- The project aims to develop an open RISC-V-based system on a chip architecture and software stack for drone flight computer applications
Technology Innovation Institute (TII), the applied research pillar of Abu Dhabi’s Advanced Technology Research Council (ATRC), today announced that its Secure Systems Research Centre (SSRC) has partnered with five prestigious universities on developing a RISC-V-Based Secure Flight Computer System project.
The five universities include UAE’s Khalifa University of Science and Technology, a world-class research institution that nurtures critical thinkers in applied science and engineering; University of Modena and Reggio Emilia, located in Modena and Reggio Emilia, Emilia-Romagna, Italy; University of Bologna, a research university in Bologna, Italy, which is one of the oldest universities in the country; and two Canadian public research institutions, University of Waterloo, in Waterloo, Ontario; and McMaster University, in Hamilton, Ontario. In addition to the renowned academic institutions on the project, there is a work package to add virtualisation capability which will be performed by a researcher from Portugal’s University of Minho.
The goal of the project is to develop an open RISC-V-based System on a Chip (SoC) architecture and software stack for adoption on secure application processors for drone flight computer applications to innovate in processor and platform design while co-optimising security, resilience, power efficiency and real-time performance.
Commenting on the announcement, Dr Shreekant (Ticky) Thakkar, Chief Researcher at SSRC, said: “SSRC develops and applies innovative security technologies to protect potentially vulnerable systems in our increasingly connected world, where cyber threat levels are rising by the day. Through our collaboration with our international partners, we target one order of magnitude improvements in performance and efficiency with respect to current flight computer systems based on commercial solutions, while delivering the reliability and security requirements needed by flight computer systems applications.”
Dr Thakkar explained that the scope of work covered under the collaboration with McMaster, Waterloo and the researcher from University of Minho brings two complementary pieces to the so-called explorative path of the main project. The work will accordingly cover delivery of enhanced hardware-software co-design features for unprecedented resource isolation, management and monitoring, and delivery of hypervisor capabilities enabling multi-OS solutions, and which dramatically enhances software modularity and flexibility.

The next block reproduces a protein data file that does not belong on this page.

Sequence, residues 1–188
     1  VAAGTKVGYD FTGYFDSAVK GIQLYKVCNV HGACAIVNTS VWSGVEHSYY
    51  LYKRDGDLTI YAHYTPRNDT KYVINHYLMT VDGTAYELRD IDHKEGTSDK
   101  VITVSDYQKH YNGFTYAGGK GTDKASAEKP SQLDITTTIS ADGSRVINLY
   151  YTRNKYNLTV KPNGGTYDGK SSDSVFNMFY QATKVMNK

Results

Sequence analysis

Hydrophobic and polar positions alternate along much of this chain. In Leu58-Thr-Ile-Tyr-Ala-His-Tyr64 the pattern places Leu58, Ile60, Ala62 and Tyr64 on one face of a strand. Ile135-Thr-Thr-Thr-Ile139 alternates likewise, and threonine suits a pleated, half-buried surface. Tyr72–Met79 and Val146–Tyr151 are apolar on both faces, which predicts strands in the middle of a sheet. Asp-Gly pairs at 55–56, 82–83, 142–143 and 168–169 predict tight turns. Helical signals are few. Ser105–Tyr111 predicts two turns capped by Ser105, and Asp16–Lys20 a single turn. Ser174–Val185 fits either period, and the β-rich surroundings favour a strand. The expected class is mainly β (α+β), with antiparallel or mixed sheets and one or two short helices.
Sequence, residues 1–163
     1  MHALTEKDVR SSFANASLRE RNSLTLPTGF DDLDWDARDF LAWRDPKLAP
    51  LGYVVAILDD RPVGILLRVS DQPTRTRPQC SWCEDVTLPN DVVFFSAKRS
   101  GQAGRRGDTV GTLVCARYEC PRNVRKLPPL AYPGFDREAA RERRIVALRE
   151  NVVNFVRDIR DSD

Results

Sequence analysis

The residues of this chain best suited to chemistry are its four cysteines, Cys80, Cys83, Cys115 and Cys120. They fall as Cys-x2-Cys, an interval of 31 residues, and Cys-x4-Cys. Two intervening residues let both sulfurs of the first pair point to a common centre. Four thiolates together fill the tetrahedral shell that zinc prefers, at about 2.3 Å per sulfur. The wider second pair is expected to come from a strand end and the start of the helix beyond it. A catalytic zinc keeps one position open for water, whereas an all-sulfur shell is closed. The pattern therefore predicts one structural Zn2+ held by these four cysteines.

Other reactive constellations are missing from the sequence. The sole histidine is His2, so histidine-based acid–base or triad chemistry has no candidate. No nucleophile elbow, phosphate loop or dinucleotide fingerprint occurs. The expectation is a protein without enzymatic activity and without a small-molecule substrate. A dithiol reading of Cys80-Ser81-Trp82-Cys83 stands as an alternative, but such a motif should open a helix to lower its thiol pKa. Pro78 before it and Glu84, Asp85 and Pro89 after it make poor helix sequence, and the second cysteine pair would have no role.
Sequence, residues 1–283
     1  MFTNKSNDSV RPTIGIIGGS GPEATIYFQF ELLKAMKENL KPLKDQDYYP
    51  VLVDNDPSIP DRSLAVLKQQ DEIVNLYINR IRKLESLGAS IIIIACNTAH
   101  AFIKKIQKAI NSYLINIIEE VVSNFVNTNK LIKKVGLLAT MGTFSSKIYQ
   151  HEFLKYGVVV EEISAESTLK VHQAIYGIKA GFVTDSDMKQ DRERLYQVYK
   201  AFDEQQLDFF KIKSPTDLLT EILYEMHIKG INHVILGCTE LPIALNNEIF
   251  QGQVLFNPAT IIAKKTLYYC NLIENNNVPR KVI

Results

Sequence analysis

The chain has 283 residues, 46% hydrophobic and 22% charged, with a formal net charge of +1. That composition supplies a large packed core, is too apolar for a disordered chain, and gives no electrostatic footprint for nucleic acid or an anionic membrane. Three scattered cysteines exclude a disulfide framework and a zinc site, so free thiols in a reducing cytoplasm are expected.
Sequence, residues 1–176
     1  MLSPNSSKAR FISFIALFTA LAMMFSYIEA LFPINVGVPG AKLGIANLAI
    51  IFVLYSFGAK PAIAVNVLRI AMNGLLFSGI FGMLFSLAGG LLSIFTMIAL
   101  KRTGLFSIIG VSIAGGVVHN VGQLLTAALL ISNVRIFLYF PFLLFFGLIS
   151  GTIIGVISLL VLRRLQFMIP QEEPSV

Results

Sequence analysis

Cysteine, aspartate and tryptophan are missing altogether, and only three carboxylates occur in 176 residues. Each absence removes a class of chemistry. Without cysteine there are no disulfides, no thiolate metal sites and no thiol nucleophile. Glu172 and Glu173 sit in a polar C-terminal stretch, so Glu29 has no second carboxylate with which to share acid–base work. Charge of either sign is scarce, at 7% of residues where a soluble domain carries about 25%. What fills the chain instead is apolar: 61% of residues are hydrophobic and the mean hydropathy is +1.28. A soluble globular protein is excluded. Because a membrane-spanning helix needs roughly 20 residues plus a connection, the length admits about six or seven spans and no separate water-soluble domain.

Under the partnership with Khalifa University, the main contribution of the prestigious UAE university will be to deliver the physical implementation of the system on chip work package. The goal of this work package is to accomplish all the physical implementation and prototyping process starting from the Register Transfer Language (RTL) design through Synthesis, Place & Route, signoff (Timing, Power analysis, Design Rules Check (DRC)/ Layout vs. Schematic (LVS) and power aware verification. This work package will also be managing packaging, tape-out and testing activities and will be done in close collaboration with The University of Bologna.
One of seven initial dedicated research centres at TII, SSRC was established to create a global centre of excellence in the development of end-to-end security and resilience to protect cyber-physical and autonomous systems. SSRC has recently become a strategic member of RISC-V International, a Switzerland-based global nonprofit promoting an open standard that facilitates collaboration and innovation in computer chip technology. RISC-V’s open and free-of-charge Instruction Set Architecture, or ISA, will allow SSRC to design computer chips independently. SSRC has sponsored the April 14th RISC-V International Security Forum event where the goals of the RISC-V-Based Secure Flight Computer System project were detailed.